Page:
India’s Ajit Doval’s ‘defensive/offensive’ strategy in        non-conventional      warfare has fully manifested in Balochistan and its fault lines are being exacerbated with the objective of bringing the CPEC project to a halt.

A few months ago, the government of Balochistan successfully uncovered and broke a spy network that was headed by a serving Indian Naval RAW officer Kulbhushan Yadav and was being operated in Balochistan. . The whole network was exposed and around 200 accomplices were detained. Since it is believed that there are more espionage networks currently working in the province, the Balochistan government is committed to devoting all resources in securing internal and external security of the region.

India is not only trying to create mayhem in Balochistan through terrorist activities but is also providing shelter, protection and finance to the separatists who have publically confessed to the killings of over 10,000 people including local Balochs, Pakhtuns, and Urdu speaking communities. Indian prime minister has not even bothered to sugarcoat his words and in his speech on August 15 stirred anti-Balochistan rhetoric in his usual anti-Pakistan narrative.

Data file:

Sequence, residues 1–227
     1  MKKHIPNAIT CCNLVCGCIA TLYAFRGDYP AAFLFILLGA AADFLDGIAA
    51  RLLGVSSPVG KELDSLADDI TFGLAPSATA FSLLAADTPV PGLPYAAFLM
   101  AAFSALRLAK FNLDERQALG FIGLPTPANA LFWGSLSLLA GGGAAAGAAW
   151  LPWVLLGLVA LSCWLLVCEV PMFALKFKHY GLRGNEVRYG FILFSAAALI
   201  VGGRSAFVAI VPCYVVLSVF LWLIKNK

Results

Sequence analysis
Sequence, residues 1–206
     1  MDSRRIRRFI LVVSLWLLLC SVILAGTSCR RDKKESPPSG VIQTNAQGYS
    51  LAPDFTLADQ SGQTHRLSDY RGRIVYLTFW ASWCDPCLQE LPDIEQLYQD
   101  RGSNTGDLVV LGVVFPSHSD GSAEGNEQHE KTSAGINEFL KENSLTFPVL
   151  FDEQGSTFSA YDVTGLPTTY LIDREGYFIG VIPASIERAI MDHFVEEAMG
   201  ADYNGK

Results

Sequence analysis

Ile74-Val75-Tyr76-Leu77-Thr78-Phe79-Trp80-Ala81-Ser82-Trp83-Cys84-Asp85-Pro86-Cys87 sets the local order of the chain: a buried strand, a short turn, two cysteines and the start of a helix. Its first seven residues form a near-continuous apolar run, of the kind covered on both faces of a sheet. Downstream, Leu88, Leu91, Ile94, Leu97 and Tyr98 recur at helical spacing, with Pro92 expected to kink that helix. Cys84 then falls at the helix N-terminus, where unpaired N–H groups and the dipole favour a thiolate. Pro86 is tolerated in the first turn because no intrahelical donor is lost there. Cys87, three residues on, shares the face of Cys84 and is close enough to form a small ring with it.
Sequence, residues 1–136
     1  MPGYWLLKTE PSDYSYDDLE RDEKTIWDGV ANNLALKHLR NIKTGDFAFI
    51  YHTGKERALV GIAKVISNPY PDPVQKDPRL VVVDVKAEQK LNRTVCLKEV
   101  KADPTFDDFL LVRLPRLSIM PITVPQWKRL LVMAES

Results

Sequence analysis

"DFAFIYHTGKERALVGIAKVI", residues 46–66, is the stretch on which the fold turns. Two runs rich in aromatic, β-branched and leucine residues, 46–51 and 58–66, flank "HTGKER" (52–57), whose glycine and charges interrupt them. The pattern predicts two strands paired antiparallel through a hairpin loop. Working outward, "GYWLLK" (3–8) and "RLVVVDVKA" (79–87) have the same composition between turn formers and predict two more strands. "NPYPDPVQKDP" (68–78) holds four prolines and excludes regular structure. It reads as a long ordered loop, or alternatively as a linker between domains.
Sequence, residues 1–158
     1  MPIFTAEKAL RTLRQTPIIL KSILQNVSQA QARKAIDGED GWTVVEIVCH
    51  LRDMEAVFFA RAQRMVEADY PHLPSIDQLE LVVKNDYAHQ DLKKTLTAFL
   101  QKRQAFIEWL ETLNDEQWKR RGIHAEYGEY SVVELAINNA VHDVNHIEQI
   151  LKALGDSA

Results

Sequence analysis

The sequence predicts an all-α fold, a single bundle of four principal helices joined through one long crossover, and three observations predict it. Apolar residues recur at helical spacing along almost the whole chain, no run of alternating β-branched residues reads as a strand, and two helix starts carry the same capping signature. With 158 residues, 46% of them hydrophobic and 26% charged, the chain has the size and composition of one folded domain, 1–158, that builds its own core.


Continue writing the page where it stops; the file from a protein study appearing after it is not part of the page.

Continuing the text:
While Balochistan has been the target of the anti-Pakistan forces for a long time, the tragic attack on the lawyers in Quetta Civil Hospital led to the investigations that unearthed a proxy-linked Indian connection in the terrorist attack.

The Quetta hospital attack was a joint venture of Isis, also known as Daesh, and TTP or whatever is left of it. Besides targeting the CPEC, one of the strongest motives of the terrorist attack was to deter the lawyers’ community to take cases against them. Needless to say that the suspected TTP and the Isis that has its strong presence in Afghanistan is now an Indian/NDS franchise. We have no doubt in believing that the recent spree of terrorist activities in Balochistan and in other parts of the country is conducted by mercenaries working for India whose primary target remains the CPEC.